What has not been repeatedly told is the fact that those who are scholars of history or engaged in research work, have consistently argued that the Soweto Students’ Uprising of 16 June, owes it roots or origins to the 1973 Durban Strike. By highlighting this, is not to misappropriate history, but merely discerns and rummages through the historical facts in order to connect the dots. One of the principal leaders of the Durban Strike was celebrated trade unionist and Communist martyr Johannes Nkosi. This heroic strike mainly by black African workers led to the re-birth of progressive, radical and militant trade union activism in South Africa, which in turn influenced the heroic youth of 1976. The bravery of the youth of 1976, led to the swelling of the ranks of the liberation movements in exile, bringing fresh vigour and adding extra tempo to our historical struggle for national liberation and people’s power.
It is not a coincidence of history that the student-worker axis in the early ’80’s rejuvenated progressive politics and brought a breath of fresh air, which led to the formation of worker’s trade union centre, Cosatu, and the United Democratic Front (UDF). It was through this organic axis and power from below, that our struggle was renewed and attention of the world captured. The images of the then jailed leader Nelson Mandela and decorated symbols of black, green and gold of the ANC, where increasingly profiled and those involved in activism associated themselves openly with the liberation movement, as led by the ANC. This worker-student axis was a vital cog in rendering SA “ungovernable” as a response to a call made by the then exiled leader of the ANC, President Oliver Tambo.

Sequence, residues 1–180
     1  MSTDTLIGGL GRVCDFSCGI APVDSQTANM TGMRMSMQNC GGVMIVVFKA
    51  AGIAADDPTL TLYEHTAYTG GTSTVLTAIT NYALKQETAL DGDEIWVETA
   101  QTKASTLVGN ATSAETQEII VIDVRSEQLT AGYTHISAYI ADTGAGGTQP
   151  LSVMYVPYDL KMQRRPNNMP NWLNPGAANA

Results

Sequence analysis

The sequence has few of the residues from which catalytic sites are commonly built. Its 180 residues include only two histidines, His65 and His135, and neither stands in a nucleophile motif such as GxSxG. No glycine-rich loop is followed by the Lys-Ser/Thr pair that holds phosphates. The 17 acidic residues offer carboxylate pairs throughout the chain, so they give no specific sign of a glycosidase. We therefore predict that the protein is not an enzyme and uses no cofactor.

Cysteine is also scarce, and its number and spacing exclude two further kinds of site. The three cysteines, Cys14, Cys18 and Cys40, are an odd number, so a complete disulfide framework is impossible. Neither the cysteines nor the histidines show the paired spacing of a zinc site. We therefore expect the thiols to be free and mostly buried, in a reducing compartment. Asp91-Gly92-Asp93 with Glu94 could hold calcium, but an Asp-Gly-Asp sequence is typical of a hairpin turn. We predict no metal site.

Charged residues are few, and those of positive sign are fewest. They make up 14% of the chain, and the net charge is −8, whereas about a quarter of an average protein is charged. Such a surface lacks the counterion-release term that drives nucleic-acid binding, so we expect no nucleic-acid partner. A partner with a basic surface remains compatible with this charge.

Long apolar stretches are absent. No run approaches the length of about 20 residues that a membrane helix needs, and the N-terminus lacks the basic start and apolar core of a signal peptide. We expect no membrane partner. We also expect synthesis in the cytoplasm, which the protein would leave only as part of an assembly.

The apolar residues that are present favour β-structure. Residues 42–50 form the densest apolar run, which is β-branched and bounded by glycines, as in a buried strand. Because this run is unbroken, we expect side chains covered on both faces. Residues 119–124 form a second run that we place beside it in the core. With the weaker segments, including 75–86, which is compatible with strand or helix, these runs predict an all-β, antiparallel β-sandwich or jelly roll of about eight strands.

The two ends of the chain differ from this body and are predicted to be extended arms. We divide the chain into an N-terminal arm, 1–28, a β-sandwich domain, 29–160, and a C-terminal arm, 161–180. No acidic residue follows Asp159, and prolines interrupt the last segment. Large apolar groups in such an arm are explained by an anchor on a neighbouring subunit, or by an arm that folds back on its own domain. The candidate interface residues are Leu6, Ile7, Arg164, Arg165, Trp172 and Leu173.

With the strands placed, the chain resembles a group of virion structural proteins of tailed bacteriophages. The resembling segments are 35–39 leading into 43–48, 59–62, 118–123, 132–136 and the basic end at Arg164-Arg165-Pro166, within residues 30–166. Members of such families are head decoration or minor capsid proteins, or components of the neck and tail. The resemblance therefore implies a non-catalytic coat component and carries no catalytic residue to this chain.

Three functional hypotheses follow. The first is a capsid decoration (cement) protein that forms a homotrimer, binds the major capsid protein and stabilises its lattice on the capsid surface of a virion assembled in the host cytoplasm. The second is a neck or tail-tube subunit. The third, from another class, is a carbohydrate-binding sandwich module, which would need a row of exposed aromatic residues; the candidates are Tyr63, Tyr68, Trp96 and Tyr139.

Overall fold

As a fight back strategy and because of the unwillingness by PW Botha’s regime to relinquish power to the majority, a State of Emergency, was declared. A significant number of activists were detained without trial; police brutality escalated; activists disappeared without being tracked by their families; others were killed and buried in unmarked graves. But the resilience and steadfastness of the youth brought hope to the oppressed people of South Africa.